Autumn weather could inspire many Illinois residents to spend more time traveling. Drawbacks come with driving when the fall season comes because weather and other conditions could create hazards. Knowing about the typical concerns associated with autumn driving might reduce the chances of a collision. Of course, choosing to drive safely may do the same as well.
The risks associated with autumn driving
Whether driving in a city or a rural area, visibility helps. Once daylight saving time ends, commuters find darkness descends earlier. Making driving adjustments could help, and so might keeping up to date on maintenance. Headlights and brake lights need to work to be effective.
Fog may roll in more in the fall, which also impacts visibility. The chance for rain could increase, which is another weather issue to worry about. Rain might lead to slicker roads, which could cause an accident. And then there are leaves and other debris that might contribute to traction problems.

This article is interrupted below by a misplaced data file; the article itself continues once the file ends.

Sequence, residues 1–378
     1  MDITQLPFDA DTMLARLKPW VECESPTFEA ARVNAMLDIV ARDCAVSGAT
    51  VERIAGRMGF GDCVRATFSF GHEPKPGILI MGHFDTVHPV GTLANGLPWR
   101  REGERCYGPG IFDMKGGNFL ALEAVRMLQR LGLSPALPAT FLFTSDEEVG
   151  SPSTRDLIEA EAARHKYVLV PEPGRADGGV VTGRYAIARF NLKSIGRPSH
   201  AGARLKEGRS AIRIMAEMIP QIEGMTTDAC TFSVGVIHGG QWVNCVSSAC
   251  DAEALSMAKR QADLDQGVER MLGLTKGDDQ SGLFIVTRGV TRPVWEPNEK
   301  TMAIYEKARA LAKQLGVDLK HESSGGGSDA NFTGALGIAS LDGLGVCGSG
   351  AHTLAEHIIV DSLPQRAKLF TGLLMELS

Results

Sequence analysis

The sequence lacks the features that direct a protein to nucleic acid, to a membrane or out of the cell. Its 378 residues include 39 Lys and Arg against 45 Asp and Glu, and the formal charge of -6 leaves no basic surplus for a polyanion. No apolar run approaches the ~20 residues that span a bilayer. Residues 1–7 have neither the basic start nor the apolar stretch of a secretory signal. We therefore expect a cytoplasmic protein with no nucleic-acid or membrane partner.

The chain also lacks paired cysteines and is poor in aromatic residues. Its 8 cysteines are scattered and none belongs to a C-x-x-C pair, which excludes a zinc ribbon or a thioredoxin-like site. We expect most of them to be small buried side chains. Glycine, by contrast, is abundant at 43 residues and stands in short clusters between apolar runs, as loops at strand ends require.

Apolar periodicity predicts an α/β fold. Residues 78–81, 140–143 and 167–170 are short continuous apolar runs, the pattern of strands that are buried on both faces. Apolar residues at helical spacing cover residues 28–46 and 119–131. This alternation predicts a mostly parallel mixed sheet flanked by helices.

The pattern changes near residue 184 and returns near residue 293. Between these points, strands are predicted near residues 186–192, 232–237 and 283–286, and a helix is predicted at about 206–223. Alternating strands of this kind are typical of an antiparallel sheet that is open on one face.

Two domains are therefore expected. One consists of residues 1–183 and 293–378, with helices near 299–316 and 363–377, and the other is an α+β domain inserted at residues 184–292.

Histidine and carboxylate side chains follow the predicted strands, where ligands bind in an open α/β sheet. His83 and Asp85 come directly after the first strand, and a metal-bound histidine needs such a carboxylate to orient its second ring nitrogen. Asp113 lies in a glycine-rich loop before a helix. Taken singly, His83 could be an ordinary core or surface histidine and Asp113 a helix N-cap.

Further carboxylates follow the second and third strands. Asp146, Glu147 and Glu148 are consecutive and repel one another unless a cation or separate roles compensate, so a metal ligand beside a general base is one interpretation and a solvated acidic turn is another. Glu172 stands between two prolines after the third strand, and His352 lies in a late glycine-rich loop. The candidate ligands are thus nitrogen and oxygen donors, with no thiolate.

Tires with low tire treads or poor inflation might contribute to rear-end accidents or head-on collisions if a driver loses control of a vehicle. Crashing into a tree or hitting a pedestrian may occur as well. Ultimately, there are numerous accidents possible when a driver doesn’t make necessary changes to deal with the autumn season.
Other concerns about fall driving
The fall might bring a unique hazard not as common as other times during the year. Deer crossings could be more common, meaning cars might end up in a front-end collision with these animals. The damage to a vehicle may be significant when hitting one of these creatures.
Personal injury claims may follow accidents involving pedestrians, and young children could be out and about more in the fall. With school in session, expect to see more children near at certain times of the day.
Autumn comes with added safe-driving responsibilities for commuters. Some added defensive driving skills might be necessary during this time of the year.